Angola -- Habitat for Humanity Int'l 1
The Housing Need
Although rich in oil, Angola is one of the world’s poorest countries. Three decades of brutal civil war maimed and killed thousands of people and decimated the country. Large areas remain inaccessible due to landmines and impassable roads. Many of the country’s residents are dependent on food aid.
A young HFH homeowner in Belchior outside her old dilapidated house.
One of 400 new homes built by Habitat for Humanity for returning refugees in war-torn Bié Province.
Since the end of the war in 2002, more than 4 million refugees and internally displaced people have slowly returned to Angola, after as long as 20 years away from their homes. The demand for housing is a high priority in the redevelopment process, as many refugees and displaced people have returned to nothing but empty fields; the un-maintained mud brick homes long gone.
The result of war has caused the destruction of homes and livelihoods, and although some people have been given resettlement kits, including tools, seeds and plastic sheeting, life continues to be a struggle, especially to those who lost limbs through land mine explosions.
A large percentage of the returning refugee population has returned to the central provinces of Bié and Huambo, where the conflict took its greatest toll. Without outside help, the returnees often live in makeshift shelters made of grass and mud, held up by fragile poles. The structures are cramped and dangerously precarious. Most do not have latrines or an adequate water supply. In the rainy season the families are constantly wet.
Habitat for Humanity Angola
Habitat for Humanity (HFH) began working in Angola in May 2004, through the First Shelter Initiative (FSI), under its Disaster Response program. The FSI was created to assist families who had recently moved back to their rural homes in Belchior, near Kuito, the capital of Bié Province. The FSI program was implemented in partnership with CARE International Angola, an organization with an established record of emergency relief and resettlement activities within the Province. While CARE provided food relief, agricultural support and land mine education, HFH focused on building houses. In the first 18 months, almost 400 families in five communities were housed by the program, which provided security for families and a sense of certainty that the war is past.
The FSI houses have two rooms and a latrine, with walls made of low-cost, locally available adobe blocks (hand pressed mud blocks with a high clay content, mixed with straw), and covered with zinc roofing sheets. The doors and windows are made of wood. Homeowner families are required to work with the community to obtain materials and to make the blocks and build the walls and latrine.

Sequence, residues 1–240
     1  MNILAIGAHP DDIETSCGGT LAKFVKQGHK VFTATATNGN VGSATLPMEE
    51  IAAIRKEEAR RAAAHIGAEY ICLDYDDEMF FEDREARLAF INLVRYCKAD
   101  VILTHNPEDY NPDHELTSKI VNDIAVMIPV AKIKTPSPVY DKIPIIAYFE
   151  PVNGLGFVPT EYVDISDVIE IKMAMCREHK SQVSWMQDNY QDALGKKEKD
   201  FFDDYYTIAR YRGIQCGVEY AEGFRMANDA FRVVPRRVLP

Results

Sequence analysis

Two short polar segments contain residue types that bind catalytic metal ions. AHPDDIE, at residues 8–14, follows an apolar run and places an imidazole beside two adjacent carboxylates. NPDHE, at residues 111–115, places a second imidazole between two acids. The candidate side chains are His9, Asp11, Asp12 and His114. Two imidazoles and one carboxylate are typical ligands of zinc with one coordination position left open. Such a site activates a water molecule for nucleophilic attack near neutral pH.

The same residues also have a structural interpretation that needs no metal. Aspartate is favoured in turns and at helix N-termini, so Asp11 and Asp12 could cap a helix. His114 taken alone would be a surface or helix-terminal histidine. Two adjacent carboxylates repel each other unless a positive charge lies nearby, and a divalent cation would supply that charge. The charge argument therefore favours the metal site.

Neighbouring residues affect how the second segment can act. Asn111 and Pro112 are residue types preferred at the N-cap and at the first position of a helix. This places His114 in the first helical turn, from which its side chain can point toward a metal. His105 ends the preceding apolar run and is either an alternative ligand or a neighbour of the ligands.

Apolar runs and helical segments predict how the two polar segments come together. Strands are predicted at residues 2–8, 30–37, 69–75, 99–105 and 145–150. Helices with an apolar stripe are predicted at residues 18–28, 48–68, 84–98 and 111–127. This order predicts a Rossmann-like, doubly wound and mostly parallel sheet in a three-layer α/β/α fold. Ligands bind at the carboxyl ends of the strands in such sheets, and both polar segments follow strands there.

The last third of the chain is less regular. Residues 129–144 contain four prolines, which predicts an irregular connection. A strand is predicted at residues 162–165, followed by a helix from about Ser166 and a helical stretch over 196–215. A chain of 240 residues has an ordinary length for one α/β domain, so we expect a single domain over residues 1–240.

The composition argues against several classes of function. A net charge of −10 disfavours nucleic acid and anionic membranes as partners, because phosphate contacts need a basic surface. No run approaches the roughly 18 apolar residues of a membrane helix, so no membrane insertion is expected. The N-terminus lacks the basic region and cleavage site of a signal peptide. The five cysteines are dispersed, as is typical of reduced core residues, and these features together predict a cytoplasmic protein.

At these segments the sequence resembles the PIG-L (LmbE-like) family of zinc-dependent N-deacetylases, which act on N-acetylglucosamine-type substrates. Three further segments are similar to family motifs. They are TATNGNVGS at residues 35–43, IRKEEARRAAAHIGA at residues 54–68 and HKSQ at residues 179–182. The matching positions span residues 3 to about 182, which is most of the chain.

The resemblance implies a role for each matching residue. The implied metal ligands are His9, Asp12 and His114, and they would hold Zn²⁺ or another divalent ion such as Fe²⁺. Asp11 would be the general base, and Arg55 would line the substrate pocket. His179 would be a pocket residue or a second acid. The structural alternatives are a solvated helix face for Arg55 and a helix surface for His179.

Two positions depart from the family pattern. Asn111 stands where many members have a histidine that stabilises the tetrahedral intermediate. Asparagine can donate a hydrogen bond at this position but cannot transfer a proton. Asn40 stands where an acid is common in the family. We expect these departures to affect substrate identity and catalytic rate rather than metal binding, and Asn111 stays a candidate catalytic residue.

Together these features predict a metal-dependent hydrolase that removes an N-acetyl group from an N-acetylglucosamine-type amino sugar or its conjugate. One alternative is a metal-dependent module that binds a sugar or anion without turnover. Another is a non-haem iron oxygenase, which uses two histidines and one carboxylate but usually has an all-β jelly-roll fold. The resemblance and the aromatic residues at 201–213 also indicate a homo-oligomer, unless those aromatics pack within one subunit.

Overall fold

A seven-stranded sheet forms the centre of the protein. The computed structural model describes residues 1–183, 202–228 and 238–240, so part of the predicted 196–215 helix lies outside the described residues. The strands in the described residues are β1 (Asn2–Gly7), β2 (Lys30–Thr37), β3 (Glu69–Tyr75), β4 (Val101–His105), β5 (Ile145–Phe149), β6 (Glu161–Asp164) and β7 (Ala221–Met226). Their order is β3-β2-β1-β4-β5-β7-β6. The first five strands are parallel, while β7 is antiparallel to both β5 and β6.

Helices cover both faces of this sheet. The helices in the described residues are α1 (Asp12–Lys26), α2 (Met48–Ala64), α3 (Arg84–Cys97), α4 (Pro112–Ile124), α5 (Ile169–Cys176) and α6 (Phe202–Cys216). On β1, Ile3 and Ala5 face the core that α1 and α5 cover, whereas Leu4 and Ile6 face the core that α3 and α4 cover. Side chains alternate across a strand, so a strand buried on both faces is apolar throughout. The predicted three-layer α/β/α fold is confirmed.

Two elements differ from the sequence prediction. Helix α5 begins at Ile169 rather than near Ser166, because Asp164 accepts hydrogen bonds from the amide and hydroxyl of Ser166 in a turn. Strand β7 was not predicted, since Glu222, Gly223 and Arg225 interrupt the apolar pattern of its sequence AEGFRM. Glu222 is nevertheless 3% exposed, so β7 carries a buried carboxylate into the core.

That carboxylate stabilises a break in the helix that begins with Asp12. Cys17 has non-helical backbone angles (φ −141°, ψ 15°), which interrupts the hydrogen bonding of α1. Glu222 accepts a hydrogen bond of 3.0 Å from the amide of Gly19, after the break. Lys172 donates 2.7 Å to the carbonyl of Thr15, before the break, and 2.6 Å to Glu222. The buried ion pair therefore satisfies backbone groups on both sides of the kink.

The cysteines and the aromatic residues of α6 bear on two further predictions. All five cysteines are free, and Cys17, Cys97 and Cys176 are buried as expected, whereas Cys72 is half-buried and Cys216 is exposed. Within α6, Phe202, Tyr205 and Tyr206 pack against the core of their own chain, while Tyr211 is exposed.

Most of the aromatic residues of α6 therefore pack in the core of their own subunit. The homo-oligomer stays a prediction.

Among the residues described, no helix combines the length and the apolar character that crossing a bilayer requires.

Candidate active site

In addition to the emergency relief program, a micro-credit revolving fund project has been established in Huambo, in partnership with Development Workshop (DW). This project is enabling families classified as the “economically active poor” to construct permanent homes through the provision of housing loans. Many of the loan recipients are women who own market stalls or other income generating resources, but are struggling to raise the money to improve their living conditions, and who have already demonstrated an ability to repay micro-credit loans. The houses are built with cement block walls, concrete floors and a zinc roof. The fund aims to assist 230 families by the end of 2008.
Real Life Story
Deborah Cupeia moved into her new HFH home in September 2004, with four of her six remaining children. Three had died. It was raining the day they decided to move out of their grass hut. Water was pouring in, soaking the ground where they were trying tried to sleep. The house was caving in.. Deborah was certain that disease would soon attack, if not from the constant damp, then from the many mosquitoes.
Looking into her eyes one could see that Deborah could not fully express the gratitude she felt now that she could sleep peacefully, protected from the blowing wind and rain outside. “I am very happy with this house. I helped to build it by carrying the water and mud. My brother [another HFH homeowner] put up the wall. My old house was falling down in the rains while I was living there and I was lucky enough to move here, otherwise it would have been a disaster. This house came at the right time.”
Location: West Coast of Southern Africa, between Namibia and Democratic Republic of the Congo
Climate: Semi-arid in the South, tropical in the North
Population: 14.5 million
Economy: Main exports are oil, diamonds, minerals, coffee, fish and timber
Government: Republic under multiparty democratic rule led by the President
Religions: Christianity, indigenous beliefs
Languages: Portuguese (official), Umbundu, Kimbundu, Kikongo
Vasco Panzo: Panzo@care.ebonet.net
Carl Queiros firstname.lastname@example.org